How well did the Data Parties work?

The structure of the Data Parties worked well to engage students in discussions about the survey data and generate high priority solutions. Students used their unique perspective and knowledge of campus facilities and organizations to generate ideas for how to address problems that staff would not have come up with on their own. A post-event feedback form indicated that students enjoyed talking with peers about the libraries and brainstorming solutions.

One difficulty was that with a single, two-hour event, students only saw a staff-curated view of the data via pre-made charts and graphs. They were not able to explore the data deeply and generate their own insights. This was because we had tried to keep it easy for students to participate by keeping the event short and avoiding pre-work. Graduate students in particular said they would have liked to explore the data in more depth themselves, and might be willing to participate in a series of discussions instead of a single event.

Another challenge was recruitment and participation. Despite slots filling up quickly, only half of the graduate students registered for the event actually showed up. We used that information to increase our recruitment efforts for the undergraduate event.

We also found it difficult to juggle gathering feedback from both students and other library stakeholders. This method of engaging students in the analysis process had the unintended result of generating suggestions that did not get reviewed by the broader library staff at the staff workshop, which had already occurred. In the future, it may be better to treat the process as three phases that each need both staff and student feedback: analyzing survey data, brainstorming recommendations, and prioritizing those recommendations.

Recommendations for the Libraries to pursue

The highest areas of need and impact uncovered by our direct analysis of the survey data, discussions during the staff survey data workshop, and the Data Parties with students are Outreach and Space Strategy. The primary recommendations are:

Coordinated patron outreach

The 2023 Student Survey, 2023 International Student Study, and 2024 Strategic Plan have all identified a critical need for increased outreach to students and faculty providing information about the Libraries’ services, resources, and spaces. Findings from the student survey emphasize a need for centralized vision and management for this outreach. Ideally, a new staff position would be hired to address the increased demand for communication strategy and graphic design support these recommendations would require. As a new position may be impossible in the short term, we recommend a combination of stop-gap measures:

  • Re-designate part of an existing staff person’s responsibilities to take ownership over new patron outreach efforts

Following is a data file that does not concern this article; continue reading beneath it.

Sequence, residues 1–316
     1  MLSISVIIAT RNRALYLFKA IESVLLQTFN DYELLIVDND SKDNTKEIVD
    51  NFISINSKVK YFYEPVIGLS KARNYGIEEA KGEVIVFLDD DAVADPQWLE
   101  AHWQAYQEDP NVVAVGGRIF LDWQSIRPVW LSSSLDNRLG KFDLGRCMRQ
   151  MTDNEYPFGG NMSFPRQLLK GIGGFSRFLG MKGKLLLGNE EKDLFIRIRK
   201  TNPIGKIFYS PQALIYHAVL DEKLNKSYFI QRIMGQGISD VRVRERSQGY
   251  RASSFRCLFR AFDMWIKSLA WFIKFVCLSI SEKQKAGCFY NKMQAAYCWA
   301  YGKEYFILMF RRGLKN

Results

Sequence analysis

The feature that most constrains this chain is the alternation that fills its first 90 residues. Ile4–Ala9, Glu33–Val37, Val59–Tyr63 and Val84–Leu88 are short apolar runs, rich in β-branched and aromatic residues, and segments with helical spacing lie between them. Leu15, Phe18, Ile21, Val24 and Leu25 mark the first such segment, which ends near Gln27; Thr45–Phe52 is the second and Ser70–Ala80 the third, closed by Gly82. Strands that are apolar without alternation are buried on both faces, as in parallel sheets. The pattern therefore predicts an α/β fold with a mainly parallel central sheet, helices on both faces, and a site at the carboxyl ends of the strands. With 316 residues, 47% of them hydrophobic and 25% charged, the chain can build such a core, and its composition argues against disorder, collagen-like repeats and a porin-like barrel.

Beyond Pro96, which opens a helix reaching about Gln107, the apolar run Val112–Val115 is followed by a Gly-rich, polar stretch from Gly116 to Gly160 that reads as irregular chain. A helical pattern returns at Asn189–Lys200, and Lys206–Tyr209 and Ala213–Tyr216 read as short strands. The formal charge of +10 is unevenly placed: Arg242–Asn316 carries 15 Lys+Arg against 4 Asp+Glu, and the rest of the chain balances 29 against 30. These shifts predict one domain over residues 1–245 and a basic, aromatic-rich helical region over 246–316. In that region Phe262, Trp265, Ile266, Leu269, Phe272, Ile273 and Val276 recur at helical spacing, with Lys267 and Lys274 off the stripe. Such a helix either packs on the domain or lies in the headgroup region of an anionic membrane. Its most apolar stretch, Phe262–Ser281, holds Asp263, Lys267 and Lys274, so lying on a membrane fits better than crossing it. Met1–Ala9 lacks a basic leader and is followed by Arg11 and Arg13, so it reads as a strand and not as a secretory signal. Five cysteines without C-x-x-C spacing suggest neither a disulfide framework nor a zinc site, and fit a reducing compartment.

• Hire an outreach design intern (proposal being put forward by AUXS)
  • Form a standing outreach and content strategy working group to prioritize project work and develop content, in partnership with the outreach coordinator and the Web Editorial Board

Coordinated space strategy

While every student survey generates suggestions for improvements to spaces, the post-pandemic survey results suggest more dramatic changes than have been undertaken in recent years. These changes require looking at use of our spaces as a whole; understanding the changing needs of our patrons; and developing a multi-year, multi-space strategy for keeping our spaces responsive to patron needs between renovations. As with outreach, a coordinated approach to space strategy would ideally be assigned to a dedicated staff person, but the Assessment Core Team recommends a stop-gap measure of charging a standing space strategy team. A motivated and dedicated leader will be critical to the team’s success. A spaces team has also been recommended after past biennial student satisfaction surveys.

What’s next?

The Libraries is entering a new strategic plan cycle, and we expect a lot of changes to be happening in over the next few years. Our plan is to reflect on our new priorities and what we have learned from our biennial surveys, and redesign our survey instrument and analysis process. Some changes we are considering are: lengthen the cycle to one survey every three years, redesign the survey to reduce the length and ensure coverage of high priority topics, expand our engagement with students during survey analysis, use the Data Party format for staff data exploration events as well, and make sure our recommendations are focused and reflective of a combination of data from both the student and staff perspective.